Joanne and I visited an artists’ conference recently. The room was filled with well-known and talented musicians and for the concluding evening session, a variety of those were invited up to play or sing. However, the talent was somewhat obscured as each artist, without exception, apologized in advance for what they were about to offer. These are actual quotations I heard in the course of this one short program:
- “I haven’t played the piano for several years now.”
- “I’ve been struggling with my voice not being strong.”
- “I wrote this song but a better songwriter could probably do something more.”
- “We’re having trouble getting the microphones set up for both our voices.”
- “I didn’t really have time to practice for this.”
- “I’m sorry, I sing mostly for kids.”
I fully expected the next person to apologize for the “C” she got in high school history and for not plucking her eyebrows that morning. It seemed the real performance was to see who could outdo the previous presenter in apologies.
Why do we start any personal presentation with an apology for what we are going to deliver? I know it seems like humility but it serves no one. If you really don’t believe your presentation is worth hearing then please just ask to not perform. And false humility is a dangerous practice in which the person degrades himself in the hope that others will compliment and build him up. There is little to be gained by apologizing and it instantly damages your credibility with the audience. If you apologize for not being an expert, for example, your audience will question why they are listening to you. If you apologize for not being prepared or not being your best physically, those listening have been alerted they will not be getting your best.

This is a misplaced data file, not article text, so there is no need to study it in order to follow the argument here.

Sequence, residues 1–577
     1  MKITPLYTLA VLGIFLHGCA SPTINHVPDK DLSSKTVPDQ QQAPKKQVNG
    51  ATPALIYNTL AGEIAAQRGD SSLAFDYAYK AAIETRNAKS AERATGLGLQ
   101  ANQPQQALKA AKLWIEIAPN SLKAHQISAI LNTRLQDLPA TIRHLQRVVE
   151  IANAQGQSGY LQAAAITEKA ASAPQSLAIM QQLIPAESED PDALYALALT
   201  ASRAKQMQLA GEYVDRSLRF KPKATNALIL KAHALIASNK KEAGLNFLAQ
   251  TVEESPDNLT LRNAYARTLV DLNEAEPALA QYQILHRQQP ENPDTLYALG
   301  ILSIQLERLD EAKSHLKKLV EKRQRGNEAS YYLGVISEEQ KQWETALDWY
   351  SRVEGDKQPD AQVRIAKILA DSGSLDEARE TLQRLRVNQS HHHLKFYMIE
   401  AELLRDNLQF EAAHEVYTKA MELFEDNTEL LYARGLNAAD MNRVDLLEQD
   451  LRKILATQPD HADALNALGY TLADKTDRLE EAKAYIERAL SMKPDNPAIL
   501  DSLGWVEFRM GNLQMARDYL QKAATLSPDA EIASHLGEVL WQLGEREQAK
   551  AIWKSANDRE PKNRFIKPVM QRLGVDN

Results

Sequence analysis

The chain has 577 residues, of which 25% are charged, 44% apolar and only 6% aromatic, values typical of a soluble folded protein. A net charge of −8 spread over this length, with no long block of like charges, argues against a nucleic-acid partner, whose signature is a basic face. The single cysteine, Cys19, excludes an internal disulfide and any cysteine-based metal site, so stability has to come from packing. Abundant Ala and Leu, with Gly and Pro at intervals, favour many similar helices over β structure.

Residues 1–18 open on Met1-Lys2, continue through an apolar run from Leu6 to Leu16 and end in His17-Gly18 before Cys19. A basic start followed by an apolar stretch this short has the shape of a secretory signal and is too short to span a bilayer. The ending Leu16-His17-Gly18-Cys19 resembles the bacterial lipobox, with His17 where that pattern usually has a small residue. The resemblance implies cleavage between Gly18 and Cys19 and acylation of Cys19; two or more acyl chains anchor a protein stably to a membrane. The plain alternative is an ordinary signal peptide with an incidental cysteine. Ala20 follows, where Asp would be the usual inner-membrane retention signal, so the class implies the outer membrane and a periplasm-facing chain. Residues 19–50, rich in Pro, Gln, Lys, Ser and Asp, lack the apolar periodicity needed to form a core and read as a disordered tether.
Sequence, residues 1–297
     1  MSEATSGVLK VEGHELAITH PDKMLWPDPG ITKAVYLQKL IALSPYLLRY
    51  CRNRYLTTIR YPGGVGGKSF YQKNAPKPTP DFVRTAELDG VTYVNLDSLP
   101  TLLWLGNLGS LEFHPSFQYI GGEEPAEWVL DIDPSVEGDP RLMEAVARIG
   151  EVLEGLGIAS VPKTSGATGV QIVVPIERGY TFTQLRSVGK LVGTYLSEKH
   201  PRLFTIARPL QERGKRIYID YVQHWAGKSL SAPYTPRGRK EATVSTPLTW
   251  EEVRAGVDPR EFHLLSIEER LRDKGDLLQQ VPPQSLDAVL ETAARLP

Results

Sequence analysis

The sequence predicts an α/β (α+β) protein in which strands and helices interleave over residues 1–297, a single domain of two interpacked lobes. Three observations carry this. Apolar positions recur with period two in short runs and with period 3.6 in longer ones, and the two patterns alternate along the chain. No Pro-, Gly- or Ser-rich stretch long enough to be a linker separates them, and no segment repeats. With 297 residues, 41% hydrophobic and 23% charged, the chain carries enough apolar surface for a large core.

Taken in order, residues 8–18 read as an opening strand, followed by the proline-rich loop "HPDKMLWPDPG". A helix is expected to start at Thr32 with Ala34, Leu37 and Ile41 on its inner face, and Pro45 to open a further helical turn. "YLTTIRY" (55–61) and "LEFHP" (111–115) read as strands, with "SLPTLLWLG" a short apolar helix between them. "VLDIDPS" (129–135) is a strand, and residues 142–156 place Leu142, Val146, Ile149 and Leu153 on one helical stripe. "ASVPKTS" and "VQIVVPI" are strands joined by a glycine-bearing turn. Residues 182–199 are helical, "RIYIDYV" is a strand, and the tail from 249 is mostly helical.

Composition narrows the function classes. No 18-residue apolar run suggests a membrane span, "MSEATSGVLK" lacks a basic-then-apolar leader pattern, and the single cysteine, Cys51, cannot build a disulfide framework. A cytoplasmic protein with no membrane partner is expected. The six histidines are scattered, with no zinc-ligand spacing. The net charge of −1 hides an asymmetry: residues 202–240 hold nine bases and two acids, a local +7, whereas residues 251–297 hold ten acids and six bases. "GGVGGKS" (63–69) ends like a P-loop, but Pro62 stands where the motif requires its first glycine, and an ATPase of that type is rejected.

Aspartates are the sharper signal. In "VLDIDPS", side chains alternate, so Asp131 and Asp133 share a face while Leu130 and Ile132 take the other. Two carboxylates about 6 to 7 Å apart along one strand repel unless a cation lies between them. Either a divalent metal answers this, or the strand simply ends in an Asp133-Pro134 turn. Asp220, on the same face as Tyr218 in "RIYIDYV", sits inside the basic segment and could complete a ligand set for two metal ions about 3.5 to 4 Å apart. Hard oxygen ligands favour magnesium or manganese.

Here are 10 tips from Toastmasters International that can be applied to singing, speaking, showing your art, or teaching a Sunday School class:
- Know your material.
- Practice. Practice. Practice!
- Know the audience.
- Know the room.
- Visualize yourself giving your speech.
- Realize that people want you to succeed.
- Don’t apologize for any nervousness or problem – the audience probably never noticed it.
- Concentrate on the message – not the medium.
- Gain experience.
I apologize for not having 11 tips – I’m not sure 10 is (or should that be are?) adequate. If I could only learn to be more like Jesus I would have had 12. I was going to come up with at least one more but I didn’t sleep well last night, we just got back from a trip late last night, this is allergy season, the squirrels disturbed my thinking on my walk to my office, a black cat walked across my path on the way over here, plus I was never good at math. I really am sorry – please forgive me.
How are you apologizing for your “art”?